GLEN ROCK, NJ - In a third dog on dog incident during late summer, all unrelated, a dog was bitten by another dog in the fenced in area of the Glen Rock Dog Park, according to Glen Rock Police. The borough's animal control expert said all three reported incidents this summer were "so avoidable."
"A little bit of responsibility and a little bit of common sense," said Carol Tyler of Tyco Animal Control. Tyler has spent years investigating aggressive dog behavior. She said there has been an uptick in incidents in more recent years.
The first two incidents resulted in two smaller dogs dying after tussling with larger dogs. In both incidents, Tyler said, it was a matter of control.
"It's not the dog's fault," she said. "Dogs follow a pack mentality, they're not people. When we treat them like people, they take control, they act like the leader of the pack."
Another issue, she said, is when people buy their dogs squeaky toys. They expect to run up to a smaller dog, and they're looking to make them squeal. Unfortunately, that has serious ramifications.
The latest incident occurred on Sept. 18 at approximately 3 p.m. when a woman reported her dog was bitten inside the fenced area of the Glen Rock Dog Park, police said. She transported her dog to the veterinarian but did not get information about the other dog and the owner. Such incidents with animals spurs TYCO Animal Control to step in and begin an investigation with Bergen County Health Services.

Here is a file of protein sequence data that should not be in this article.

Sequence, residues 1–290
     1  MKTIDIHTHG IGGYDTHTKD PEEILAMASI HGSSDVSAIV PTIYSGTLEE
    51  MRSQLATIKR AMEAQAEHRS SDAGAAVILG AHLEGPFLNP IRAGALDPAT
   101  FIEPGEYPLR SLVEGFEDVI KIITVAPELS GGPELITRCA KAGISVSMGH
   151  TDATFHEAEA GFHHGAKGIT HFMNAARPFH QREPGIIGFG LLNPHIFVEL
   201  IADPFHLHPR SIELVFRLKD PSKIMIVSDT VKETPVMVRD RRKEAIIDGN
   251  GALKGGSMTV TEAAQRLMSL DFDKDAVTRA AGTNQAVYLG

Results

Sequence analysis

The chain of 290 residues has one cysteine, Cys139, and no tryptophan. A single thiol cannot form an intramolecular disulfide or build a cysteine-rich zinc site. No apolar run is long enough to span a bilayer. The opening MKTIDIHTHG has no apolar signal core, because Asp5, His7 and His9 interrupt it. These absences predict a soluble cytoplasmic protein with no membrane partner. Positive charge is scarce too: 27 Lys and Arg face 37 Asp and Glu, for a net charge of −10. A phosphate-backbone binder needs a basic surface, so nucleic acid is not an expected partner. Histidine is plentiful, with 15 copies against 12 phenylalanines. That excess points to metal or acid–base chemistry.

"One of the issues I find is that these are not usually isolated incidents with dogs that are aggressive," she said. "I find out the dog has done it before. When people don't report it, it leaves it open to happen again."
Years ago, Tyler said, people treated their dog like a dog. "It sounds simple, but it works," she said. "You have to be the leader, you have to teach the dog their place in the pack. The dog sees the family as a pack."
"If you see behavior when they're puppies that's not social, like jumping or growling at inappropriate times, you have to correct it and continue to correct it."
Tyler said many people think they can hand their dog over to a trainer and then have the dog come back perfectly mannered. "If the owner does not follow up, all the time, the dog will go back to being the pack leader and resume the bad behavior," she said.
Tyler said trainers are good, but only if the owner follows-up.
"You have to be the alpha," she said. "In dog world, when you take control, ignore an excited dog, train them how to walk on a leash and not pull, you're giving the dog boundaries. Otherwise, the dog thinks he's the leader."
In other words, Tyler said, "let dogs be dogs."